Practice Speed Reading and other Reading Skills with The Harvard Classics

Reading is a complex cognitive process of decoding symbols in order to construct or derive meaning, referred to as reading comprehension. The Harvard Classics offers ample reading material and a wide range of literary forms that will allow you to develop, practice and test your skills and abilities with Speed Reading, Slow Reading, Reading Comprehension and Study Skills.

Speed Reading 

Speed Reading – is a technique used to improve one's ability to read quickly. The most prominent methods include the following: Chunking, Skimming, Eliminating Sub-vocalization, Meta guiding, RSVP.

– is forming clusters of responses based on semantic relatedness or perceptual features.

Skimming – is a process of speed reading that involves visually searching the sentences of a page for clues to its meaning. It is argued by some to be skipping and scanning, not actual reading of the entire text.

Eliminating Sub-vocalization – Sub-vocalization is the internal speech made when reading a word. It is a natural process when reading and helps to reduce the cognitive load, and helps the mind access meaning that enables it to comprehend and remember what is being read. It is somewhat of a hot debate in speed reading circles, but it is argued that sub-vocalization slows down the rate at which one reads, thus eliminating or reducing sub-vocalization will improve one’s reading speed.

Meta guiding – is the visual guiding of the eye using a finger or pointer, to help the eye move faster along the length of a text. Sometimes drawing boxes or circles on the page to increase the visual span to take in the whole line and imprint the information into their subconscious for later retrieval. Meta guiding is also thought to reduce sub-vocalization, thus increasing the speed of reading.

RSVP - Rapid Serial Visual Presentation is the method of displaying text word-by-word in a fixed focal position. It is used to increase one’s reading speed and to provide access to long text on small displays.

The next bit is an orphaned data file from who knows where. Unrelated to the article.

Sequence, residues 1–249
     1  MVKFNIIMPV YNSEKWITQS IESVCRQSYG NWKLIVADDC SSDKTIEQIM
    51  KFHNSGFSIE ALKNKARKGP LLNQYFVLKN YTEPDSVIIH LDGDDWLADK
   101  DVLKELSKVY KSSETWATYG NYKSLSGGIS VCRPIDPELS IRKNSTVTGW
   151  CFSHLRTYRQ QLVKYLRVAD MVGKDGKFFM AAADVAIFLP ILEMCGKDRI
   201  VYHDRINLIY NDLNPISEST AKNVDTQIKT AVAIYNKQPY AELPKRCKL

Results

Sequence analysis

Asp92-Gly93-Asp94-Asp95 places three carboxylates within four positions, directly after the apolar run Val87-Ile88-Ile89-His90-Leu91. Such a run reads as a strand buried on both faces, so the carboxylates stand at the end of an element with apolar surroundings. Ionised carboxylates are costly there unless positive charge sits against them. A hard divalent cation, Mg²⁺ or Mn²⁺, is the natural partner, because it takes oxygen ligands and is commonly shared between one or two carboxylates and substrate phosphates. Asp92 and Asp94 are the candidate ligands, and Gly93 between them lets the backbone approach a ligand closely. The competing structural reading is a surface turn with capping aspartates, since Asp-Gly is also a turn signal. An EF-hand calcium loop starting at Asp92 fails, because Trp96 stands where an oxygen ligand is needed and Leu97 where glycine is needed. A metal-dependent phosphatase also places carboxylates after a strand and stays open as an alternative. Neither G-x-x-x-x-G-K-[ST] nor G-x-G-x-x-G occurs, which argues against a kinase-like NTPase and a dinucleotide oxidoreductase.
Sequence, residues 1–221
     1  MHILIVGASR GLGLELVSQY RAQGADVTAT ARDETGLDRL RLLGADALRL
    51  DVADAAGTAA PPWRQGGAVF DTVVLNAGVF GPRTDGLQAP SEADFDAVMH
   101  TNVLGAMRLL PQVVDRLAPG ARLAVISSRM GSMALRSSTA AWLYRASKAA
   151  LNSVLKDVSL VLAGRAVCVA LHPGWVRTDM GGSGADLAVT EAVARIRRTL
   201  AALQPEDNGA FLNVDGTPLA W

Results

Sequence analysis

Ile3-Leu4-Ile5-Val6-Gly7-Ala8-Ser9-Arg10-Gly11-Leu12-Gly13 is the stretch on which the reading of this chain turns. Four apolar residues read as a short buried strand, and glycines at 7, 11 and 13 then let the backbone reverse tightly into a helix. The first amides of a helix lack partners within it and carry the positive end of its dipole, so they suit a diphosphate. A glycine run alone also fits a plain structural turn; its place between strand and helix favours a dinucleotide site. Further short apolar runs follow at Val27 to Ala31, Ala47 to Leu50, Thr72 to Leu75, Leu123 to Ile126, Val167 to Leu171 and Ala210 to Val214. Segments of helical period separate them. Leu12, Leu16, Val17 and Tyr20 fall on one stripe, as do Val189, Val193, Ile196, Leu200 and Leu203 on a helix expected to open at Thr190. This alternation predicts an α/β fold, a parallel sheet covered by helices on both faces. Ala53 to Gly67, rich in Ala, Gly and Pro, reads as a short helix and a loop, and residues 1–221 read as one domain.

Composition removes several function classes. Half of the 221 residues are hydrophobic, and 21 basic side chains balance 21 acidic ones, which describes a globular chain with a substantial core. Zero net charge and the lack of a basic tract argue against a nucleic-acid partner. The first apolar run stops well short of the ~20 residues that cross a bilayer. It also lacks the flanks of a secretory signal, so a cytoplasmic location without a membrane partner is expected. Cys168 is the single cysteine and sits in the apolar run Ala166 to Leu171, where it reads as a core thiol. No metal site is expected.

Slow Reading
- is the intentional reduction in the speed of reading, carried out to increase comprehension or pleasure originated in the study of philosophy and literature as a technique to more fully comprehend and appreciate a complex text.


– is an acronym for Survey, Question, Read, Recite and Review. It is a reading comprehension method for reading longer and more complex texts. It is a very useful study skill.

- survey or skim, in this phase the reader should resist the temptation to read the book, but instead glance through a chapter in order to identify headings, sub-headings and other outstanding features in the text. This is in order to identify ideas and formulate questions about the content of the chapter.

Question - Formulate questions about the content of the reading. For example, convert headings and sub-headings into questions, and then look for answers in the content of the text.

Read - Use the background work done with "S" and "Q" in order to begin reading actively.

Recite - or Recall key phrases. The reader identifies major points and answers to questions from the "Q" step.

Review – the reader should test oneself by attempting to recall the key phrases identified, then immediately review the sections where key words were forgotten.


For more helpful information see Wikipedia’s Reading Series: